India's economy is projected to grow 7.6 per cent in fiscal year 2018-19, remaining the fastest growing economy
in the world, as robust private consumption and benefits from past reforms help the country's GDP gain momentum
but sustained recovery in private investment remains a crucial challenge, according to a UN report. The UN
World Economic Situation and Prospects (WESP) says the GDP growth in India is expected to climb to 7.5 and 7.6
per cent in fiscal years 2017-18 and 2018-19 respectively. This is a substantial recovery from the 6.7 per cent
growth India registered in fiscal year 2017.
"Among the major economies, growth in India is gaining momentum, underpinned by robust private consumption, a
slightly more supportive fiscal stance and benefits from past reforms," the report says. It adds that although
capital spending has shown signs of revival, a more widespread and sustained recovery in private investment
remains a crucial challenge in India. In China, growth is expected to remain solid, supported by robust
consumer spending and supportive fiscal policies. Amid ongoing structural reforms, growth in the Chinese
economy is projected to gradually moderate from 6.9 per cent in 2017 to 6.5 per cent in 2018 and 6.3 per cent
in 2019. While ongoing efforts to address financial vulnerabilities will contribute to more sustainable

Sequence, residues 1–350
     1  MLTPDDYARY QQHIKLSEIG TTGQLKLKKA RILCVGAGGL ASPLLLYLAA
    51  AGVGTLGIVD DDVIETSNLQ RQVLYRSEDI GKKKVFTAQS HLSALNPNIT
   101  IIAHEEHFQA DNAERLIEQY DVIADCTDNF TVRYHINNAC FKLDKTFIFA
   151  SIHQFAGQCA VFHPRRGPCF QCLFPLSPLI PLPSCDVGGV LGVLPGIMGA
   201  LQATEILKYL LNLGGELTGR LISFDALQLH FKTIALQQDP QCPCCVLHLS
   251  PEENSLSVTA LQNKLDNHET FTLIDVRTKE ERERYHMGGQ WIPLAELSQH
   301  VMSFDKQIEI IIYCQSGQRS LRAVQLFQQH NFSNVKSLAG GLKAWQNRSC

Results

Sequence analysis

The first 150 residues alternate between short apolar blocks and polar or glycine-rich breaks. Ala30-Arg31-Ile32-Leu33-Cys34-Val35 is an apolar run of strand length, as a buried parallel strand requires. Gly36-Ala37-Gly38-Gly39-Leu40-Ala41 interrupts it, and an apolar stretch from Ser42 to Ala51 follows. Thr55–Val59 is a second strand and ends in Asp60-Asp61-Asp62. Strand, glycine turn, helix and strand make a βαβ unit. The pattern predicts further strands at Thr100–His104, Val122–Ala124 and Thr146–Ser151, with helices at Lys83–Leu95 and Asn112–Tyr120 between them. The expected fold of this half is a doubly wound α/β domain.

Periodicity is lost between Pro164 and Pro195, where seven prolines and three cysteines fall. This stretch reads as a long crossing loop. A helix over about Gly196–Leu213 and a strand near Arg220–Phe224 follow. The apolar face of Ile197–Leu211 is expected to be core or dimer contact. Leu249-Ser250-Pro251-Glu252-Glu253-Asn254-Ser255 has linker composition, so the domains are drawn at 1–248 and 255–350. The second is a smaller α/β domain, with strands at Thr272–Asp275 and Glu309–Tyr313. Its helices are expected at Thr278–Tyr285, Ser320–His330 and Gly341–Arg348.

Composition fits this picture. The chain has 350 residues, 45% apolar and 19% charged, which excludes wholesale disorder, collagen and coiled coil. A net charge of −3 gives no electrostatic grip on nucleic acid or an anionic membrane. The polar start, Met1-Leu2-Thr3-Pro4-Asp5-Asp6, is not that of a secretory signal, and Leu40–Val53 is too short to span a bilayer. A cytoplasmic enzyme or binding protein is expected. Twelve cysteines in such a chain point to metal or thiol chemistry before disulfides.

medium-term growth, the authorities face the policy challenge of ensuring that associated deleveraging does not
derail growth in the short term.
The report adds that growth in the world economy is surpassing expectations and global GDP is now expected to
expand by more than three per cent this year and in 2019, reflecting strong growth in developed countries and
broadly favourable investment conditions. However rising trade tensions, heightened uncertainty over monetary
policy, increasing debt levels and greater geopolitical tensions can potentially thwart progress, according to
the report. World economic growth is now forecast to reach 3.2 per cent both in 2018 and 2019, an upward
revision by 0.2 and 0.1 percentage points, respectively.
This revised outlook reflects further improvement in the growth forecast for developed economies due to
accelerating wage growth, broadly favourable investment conditions, and the short-term impact of a fiscal
stimulus package in the US. World trade growth has also accelerated, reflecting a widespread increase in global
demand. Many commodity-exporting countries will also benefit from the higher level of energy and metal prices.
While the modest rise in global commodity prices will exert some upward pressure on inflation in many
countries, the report notes that inflationary pressures remain contained across most developed and developing
regions, the report said.
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